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Saturday, March 28, 2009

Are you hopeful? Why or why not?

Let’s explore the difference between a theology of optimism (or a theology of pessimism) as compared to a theology of hope.

Looking at the current political climate, bible-believing Christians may be tempted to be distressed, downcast, and have little hope. Considering the economic state we’re in right now, that thinking may be greatly reinforced. In better times, the Christian may be very hopeful, if political conservatives are in control, or when the economy is hopping, or when things are going smoothly in one’s life.

Both miss the point of a biblical hope.

Our hope should never be in the status of our external circumstances. No matter who is in charge politically, no matter the value of the Dow Industrial average, and even in the midst of personal trials, the Christian can live in a hopeful victory, looking to the glorious future. This doesn’t mean there might not be challenges, hardships, or even sore trials, but those are things the Lord uses to sanctify us. In this short life, good or bad circumstances may come and go, but our real hope must be in the One who alone can give an eternal hope – the Lord Jesus Christ. And a biblical hope isn’t a wishy-washy thing, a “cross your fingers” wish, a “maybe things will be OK”, but a confident trust, a complete assurance that the Lord will bring about what He has promised, all in His perfect timing.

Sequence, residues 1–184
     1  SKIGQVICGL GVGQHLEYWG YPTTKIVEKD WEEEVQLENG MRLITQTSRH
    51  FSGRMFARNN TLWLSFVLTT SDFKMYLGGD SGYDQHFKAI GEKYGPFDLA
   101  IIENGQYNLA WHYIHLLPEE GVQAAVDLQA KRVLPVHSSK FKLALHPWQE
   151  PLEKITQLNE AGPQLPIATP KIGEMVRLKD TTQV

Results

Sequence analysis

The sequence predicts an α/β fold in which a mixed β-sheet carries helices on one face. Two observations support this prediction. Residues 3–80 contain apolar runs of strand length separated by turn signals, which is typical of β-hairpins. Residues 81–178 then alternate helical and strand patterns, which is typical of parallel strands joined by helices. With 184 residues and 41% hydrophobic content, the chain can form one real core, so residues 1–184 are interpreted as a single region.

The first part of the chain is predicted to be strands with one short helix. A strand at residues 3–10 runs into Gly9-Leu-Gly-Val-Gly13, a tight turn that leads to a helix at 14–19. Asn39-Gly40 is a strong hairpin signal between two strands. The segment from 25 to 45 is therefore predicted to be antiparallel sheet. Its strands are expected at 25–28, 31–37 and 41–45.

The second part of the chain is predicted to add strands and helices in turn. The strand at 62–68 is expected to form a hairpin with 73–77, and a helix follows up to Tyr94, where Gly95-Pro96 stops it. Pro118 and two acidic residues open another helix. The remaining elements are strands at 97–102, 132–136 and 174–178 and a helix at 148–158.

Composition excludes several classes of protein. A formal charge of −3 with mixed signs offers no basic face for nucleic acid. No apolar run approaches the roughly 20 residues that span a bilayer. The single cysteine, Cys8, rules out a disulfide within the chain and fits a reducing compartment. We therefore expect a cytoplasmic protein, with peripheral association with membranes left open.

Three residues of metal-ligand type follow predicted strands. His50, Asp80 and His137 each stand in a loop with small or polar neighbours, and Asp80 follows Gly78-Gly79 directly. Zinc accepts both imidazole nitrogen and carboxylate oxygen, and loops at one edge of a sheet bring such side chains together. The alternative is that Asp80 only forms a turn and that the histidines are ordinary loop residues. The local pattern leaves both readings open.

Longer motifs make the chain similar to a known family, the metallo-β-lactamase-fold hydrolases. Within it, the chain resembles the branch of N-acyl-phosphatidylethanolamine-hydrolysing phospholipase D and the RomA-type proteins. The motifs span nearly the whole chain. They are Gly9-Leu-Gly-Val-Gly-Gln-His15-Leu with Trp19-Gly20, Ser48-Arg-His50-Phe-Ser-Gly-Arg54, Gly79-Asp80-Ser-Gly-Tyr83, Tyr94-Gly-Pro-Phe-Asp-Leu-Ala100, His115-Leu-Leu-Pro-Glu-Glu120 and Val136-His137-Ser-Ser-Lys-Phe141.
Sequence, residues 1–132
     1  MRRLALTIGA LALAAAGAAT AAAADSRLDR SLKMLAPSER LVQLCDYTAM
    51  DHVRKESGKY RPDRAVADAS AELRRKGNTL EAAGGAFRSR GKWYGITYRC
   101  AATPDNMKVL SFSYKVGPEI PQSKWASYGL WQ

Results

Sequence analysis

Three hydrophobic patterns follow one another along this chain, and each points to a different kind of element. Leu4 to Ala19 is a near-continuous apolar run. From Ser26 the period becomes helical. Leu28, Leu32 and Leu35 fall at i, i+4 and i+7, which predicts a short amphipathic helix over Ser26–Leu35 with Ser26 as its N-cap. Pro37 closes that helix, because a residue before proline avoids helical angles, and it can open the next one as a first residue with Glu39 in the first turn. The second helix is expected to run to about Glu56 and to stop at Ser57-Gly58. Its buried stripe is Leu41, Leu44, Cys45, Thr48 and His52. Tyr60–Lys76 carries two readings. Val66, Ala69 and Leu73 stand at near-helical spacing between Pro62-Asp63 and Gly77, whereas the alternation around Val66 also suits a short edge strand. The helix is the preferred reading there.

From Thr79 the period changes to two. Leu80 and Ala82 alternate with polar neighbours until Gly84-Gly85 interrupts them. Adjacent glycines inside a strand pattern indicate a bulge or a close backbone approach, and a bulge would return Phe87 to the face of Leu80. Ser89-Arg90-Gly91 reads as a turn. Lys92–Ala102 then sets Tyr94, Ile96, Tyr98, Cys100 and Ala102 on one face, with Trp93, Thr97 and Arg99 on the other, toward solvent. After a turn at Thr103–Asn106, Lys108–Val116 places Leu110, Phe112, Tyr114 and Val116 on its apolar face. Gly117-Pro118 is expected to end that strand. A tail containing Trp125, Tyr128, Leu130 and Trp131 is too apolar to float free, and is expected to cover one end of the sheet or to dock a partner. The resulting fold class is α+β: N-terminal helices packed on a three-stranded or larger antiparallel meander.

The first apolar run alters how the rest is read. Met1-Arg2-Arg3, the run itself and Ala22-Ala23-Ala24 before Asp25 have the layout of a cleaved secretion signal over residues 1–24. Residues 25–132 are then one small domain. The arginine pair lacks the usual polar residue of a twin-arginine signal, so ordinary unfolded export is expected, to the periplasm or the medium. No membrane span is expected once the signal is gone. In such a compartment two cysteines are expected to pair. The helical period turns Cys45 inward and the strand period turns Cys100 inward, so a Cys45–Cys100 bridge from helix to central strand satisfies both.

Frankly, we shouldn’t really expect the world to get better. There may be times that are good (from a human perspective), as history progresses, but the cycle of history is a downward spiral, not an upward one. As we look at God’s Word as it reveals bits of the future, we can easily see that the world is headed toward a hell on earth (Rev. 13), with extremely wicked men ruling the planet. Should it surprise us if the world embraces evil? Of course not. Rather, it should be expected. We’ve been blessed with some level of a Judeo-Christian ethic in our land for many years, but that is not guaranteed to last. In fact, we may expect a biblical world-view to diminish. While that may not be comfortable for us, we must realize that it is not a certain ethical system that saves – morality itself saves no one!

Jesus Christ is busy about the business of building His church (as He promised) – all over the world. And He will continue to do so in our country, no matter the political or economic conditions. In fact, a bit of persecution of the church may do wonders for her purity.

Let’s face it, the United States of America will someday fall. It is not an eternal country. All earthly kingdoms will eventually fail, and the eternal kingdom of the Son, a kingdom of righteousness, will be worldwide. How could we have a greater hope than that?

The songwriter had it right:
My hope is built on nothing less than Jesus’ blood and righteousness;
I dare not trust the sweetest frame, but wholly lean on Jesus’ name.
On Christ the solid Rock I stand, all other ground is sinking sand,
All other ground is sinking sand.

The ancient songwriters (the sons of Korah) had it inerrantly right:
Why are you in despair, O my soul?
And why have you become disturbed within me?
Hope in God, for I shall yet praise Him,
The help of my countenance and my God.

(Psalm 42:11)


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